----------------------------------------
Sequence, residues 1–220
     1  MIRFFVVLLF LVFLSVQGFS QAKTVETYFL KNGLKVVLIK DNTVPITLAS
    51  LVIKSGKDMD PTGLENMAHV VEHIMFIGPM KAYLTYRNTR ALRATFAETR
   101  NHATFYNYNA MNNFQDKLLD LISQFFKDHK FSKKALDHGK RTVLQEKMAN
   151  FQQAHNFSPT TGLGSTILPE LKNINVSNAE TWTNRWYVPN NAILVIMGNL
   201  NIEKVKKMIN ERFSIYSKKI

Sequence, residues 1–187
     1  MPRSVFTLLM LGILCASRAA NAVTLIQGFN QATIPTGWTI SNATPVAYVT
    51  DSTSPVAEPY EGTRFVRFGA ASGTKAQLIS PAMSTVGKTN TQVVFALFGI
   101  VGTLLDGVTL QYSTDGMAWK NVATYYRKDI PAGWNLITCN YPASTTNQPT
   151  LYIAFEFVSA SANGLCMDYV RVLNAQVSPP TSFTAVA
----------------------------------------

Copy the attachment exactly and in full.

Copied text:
Sequence, residues 1–220
     1  MIRFFVVLLF LVFLSVQGFS QAKTVETYFL KNGLKVVLIK DNTVPITLAS
    51  LVIKSGKDMD PTGLENMAHV VEHIMFIGPM KAYLTYRNTR ALRATFAETR
   101  NHATFYNYNA MNNFQDKLLD LISQFFKDHK FSKKALDHGK RTVLQEKMAN
   151  FQQAHNFSPT TGLGSTILPE LKNINVSNAE TWTNRWYVPN NAILVIMGNL
   201  NIEKVKKMIN ERFSIYSKKI

Sequence, residues 1–187
     1  MPRSVFTLLM LGILCASRAA NAVTLIQGFN QATIPTGWTI SNATPVAYVT
    51  DSTSPVAEPY EGTRFVRFGA ASGTKAQLIS PAMSTVGKTN TQVVFALFGI
   101  VGTLLDGVTL QYSTDGMAWK NVATYYRKDI PAGWNLITCN YPASTTNQPT
   151  LYIAFEFVSA SANGLCMDYV RVLNAQVSPP TSFTAVA